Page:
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Friday, May 27, 2022

It’s not just the Ukraine war. Houthi terrorism threatens the world’s oil supply.

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As the world tries to find solutions to the energy crisis, in the midst of the Russo-Ukrainian war crisis, the Houthi attacks on Saudi Aramco have caused further concern.

If Western countries, led by the United States, are trying to prevent Russian oil supplies, amid an unprecedented series of economic sanctions imposed by these countries against Moscow following the entry of Russian forces into Ukraine, then everyone has another option. reason to worry.

This is the reason for the attacks carried out by the Houthi terrorist militia against Saudi oil facilities, which could affect the Kingdom’s production, especially in light of the frequent recurrence of these attacks in the recent period.

Aramco attack drives up oil prices

Crude prices rose more than 1% to over $120 a barrel on Friday, after traders were puzzled between the impact of a missile attack on an oil distribution facility in Saudi Arabia and the possibility of The United States withdraws from the Strategic Petroleum Reserve.

Brent crude settled up $1.62, or 1.4 percent, at $120.65 a barrel, and US West Texas Intermediate crude settled at $120.65 a barrel.

Both benchmarks posted their first weekly gains in three weeks, with Brent up more than 11.5% and West Texas Intermediate up 8.8%.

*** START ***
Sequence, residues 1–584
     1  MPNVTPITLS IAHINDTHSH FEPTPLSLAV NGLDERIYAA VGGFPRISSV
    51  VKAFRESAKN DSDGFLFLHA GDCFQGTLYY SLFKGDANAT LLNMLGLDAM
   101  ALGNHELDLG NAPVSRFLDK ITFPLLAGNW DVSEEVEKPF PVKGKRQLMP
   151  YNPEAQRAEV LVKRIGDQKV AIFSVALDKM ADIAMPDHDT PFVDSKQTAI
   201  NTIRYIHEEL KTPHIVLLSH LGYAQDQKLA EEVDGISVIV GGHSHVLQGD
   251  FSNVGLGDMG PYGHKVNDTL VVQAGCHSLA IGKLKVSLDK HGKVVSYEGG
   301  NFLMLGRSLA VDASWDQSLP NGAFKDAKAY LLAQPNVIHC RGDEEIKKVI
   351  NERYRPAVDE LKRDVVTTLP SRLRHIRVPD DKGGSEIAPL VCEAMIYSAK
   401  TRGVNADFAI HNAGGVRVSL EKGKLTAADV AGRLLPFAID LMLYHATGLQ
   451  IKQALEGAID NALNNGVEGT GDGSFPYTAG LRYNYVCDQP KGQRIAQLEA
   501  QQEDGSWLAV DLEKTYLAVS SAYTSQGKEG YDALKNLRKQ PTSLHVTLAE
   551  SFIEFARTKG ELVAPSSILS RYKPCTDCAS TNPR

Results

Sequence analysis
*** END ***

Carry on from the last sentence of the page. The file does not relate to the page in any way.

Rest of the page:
attack details

The Arab coalition in Yemen, led by Saudi Arabia, announced the hostile operation that targeted the Aramco oil product distribution station in Jeddah, noting that a fire broke out in two tanks, which was brought under control without injuries or casualties.

And the spokesman for the coalition forces, Brigadier General Turki Al-Maliki, announced that a fire broke out in two tanks belonging to the oil facility, and the fire was brought under control with no casualties or injuries, adding that this hostile escalation is targeting oil. facilities and is focused on trying to influence energy security and the backbone of the global economy. And there is no impact or repercussions of these hostile attacks on the activities of public life in the city of Jeddah.

repercussions of the attack

Saudi Arabia has said it will not take responsibility for tight oil supplies on world markets due to Houthi attacks on its oil facilities.

According to Reuters, Andrew Lipow, president of Lipow Oil Associates in Houston, said the market, which was already avoiding Russian oil supplies, has something else to worry about with the Houthi attacks, which could affect Saudi production. Saudi Arabia, noting that Houthi attacks have become more frequent

The Houthi attack on oil facilities in Jeddah comes just five days after the Houthi militia launched missiles and drones at Saudi Arabia’s water and power desalination facilities, causing a temporary drop in oil production. refinery.

supply shock

With global inventories falling to their lowest levels since 2014, analysts said the market remains vulnerable to any supply shock.

One source said the Biden administration is considering another release of oil from the Strategic Petroleum Reserve that, if implemented, could be larger than the 30 million barrel sale earlier this month.

The number of US oil rigs, an early indicator of future production, rose by seven to 531 this week, the highest level since April 2020, as the government urged producers to boost production following Russia’s war in Ukraine.

Although the number of oil rigs has risen for 19 straight months, the gains have been small and have slowed recently as many companies are focusing on returning money to investors rather than ramping up production and facing supply constraints.

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